So now that you've learned about the topic of my research, you're probably wondering: where did I find all this information? (At least, that's the question that keeps appearing in my committee's comments - SOURCE???)
Thanks to my previous experience, I had a good idea of the depositories and archives to visit for the materials I needed. I started my research by looking through the records of the Ladies' Branch of the Port Society on loan to the New Bedford Whaling Museum - lots of meeting minutes, scrapbooks, and newspaper articles documenting the group's existence. I supplemented this with the annual reports of the Port Society's male branch at the Free Public Library's special collections.
From there, I had a lot of names to work with, and I used Ancestry Library's database to get a sense of the demographics of the Port Society's members. I spent hours analyzing census records and city directories, or scanning through reels of microfilm for newspapers and crew lists. I also investigated important figures in the organization, reading some of their personal papers and diaries, to understand how they contributed to the Port Society's success. For broader understanding of the nature of port societies, I reviewed the newsletters, reports, and other publications of similar voluntary associations involved with maritime missionary groups. To get a sense of how New Bedford was changing, I read contemporary accounts, viewed city directories over time, and checked out lots of maps. And, of course, I had a stack of books about three-feet high with secondary sources. From women’s history to maritime history to reform history, I read/skimmed probably thirty books or so to inform my work of previous scholarly literature.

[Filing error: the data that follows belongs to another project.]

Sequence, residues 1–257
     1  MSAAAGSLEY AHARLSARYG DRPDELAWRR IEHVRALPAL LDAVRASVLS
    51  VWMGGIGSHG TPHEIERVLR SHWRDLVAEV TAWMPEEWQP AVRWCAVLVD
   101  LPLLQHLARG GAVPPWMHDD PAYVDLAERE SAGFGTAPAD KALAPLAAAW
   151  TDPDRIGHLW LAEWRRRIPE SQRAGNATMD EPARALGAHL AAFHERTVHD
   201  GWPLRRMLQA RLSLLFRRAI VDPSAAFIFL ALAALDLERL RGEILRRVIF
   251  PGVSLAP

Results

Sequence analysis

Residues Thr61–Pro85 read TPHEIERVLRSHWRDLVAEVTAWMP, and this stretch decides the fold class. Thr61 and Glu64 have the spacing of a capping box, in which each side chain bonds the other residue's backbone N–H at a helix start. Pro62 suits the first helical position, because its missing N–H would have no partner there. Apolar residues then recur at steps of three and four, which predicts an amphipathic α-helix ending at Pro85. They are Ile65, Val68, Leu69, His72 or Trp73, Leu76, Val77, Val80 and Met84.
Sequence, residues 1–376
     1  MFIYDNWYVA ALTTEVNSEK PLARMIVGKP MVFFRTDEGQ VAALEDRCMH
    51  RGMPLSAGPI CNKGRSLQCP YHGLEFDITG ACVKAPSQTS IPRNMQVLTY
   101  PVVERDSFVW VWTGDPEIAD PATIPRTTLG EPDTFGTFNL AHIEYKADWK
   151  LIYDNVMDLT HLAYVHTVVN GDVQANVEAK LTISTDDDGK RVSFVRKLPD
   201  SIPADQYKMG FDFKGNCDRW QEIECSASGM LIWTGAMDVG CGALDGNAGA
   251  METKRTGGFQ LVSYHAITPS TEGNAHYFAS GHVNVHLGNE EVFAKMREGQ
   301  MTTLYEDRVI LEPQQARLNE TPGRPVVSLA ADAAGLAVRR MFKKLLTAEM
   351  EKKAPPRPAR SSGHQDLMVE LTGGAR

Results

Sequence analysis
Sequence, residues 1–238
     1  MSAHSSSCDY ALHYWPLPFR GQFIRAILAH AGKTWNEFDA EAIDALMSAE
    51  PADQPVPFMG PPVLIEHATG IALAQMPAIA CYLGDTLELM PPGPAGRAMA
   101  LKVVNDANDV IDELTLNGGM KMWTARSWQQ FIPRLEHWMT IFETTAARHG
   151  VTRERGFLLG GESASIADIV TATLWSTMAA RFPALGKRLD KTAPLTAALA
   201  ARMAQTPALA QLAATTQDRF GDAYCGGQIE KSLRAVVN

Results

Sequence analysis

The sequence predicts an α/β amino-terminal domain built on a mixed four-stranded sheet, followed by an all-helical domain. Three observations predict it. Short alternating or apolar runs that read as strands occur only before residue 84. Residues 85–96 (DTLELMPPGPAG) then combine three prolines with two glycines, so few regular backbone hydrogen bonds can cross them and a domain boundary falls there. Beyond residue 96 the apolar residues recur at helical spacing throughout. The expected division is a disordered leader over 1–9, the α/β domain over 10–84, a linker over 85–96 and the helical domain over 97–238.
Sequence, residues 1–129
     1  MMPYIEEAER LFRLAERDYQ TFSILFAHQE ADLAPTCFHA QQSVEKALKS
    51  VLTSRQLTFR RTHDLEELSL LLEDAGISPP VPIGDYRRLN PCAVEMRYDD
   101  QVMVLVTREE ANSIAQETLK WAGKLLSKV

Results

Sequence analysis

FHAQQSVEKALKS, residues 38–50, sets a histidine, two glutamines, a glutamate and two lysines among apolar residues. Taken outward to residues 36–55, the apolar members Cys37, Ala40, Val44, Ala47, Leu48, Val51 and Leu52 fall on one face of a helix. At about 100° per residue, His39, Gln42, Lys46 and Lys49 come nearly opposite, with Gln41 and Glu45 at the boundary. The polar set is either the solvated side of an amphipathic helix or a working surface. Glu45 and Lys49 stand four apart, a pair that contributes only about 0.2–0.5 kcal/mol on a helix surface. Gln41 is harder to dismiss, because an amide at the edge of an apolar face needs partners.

When you're writing a thesis, you're bound to find sources just about anywhere. The real issue is having the time to sort through them and knowing which ones are the most important for your research. The trick is to keep great notes and keep track of them as you work your way through the madness.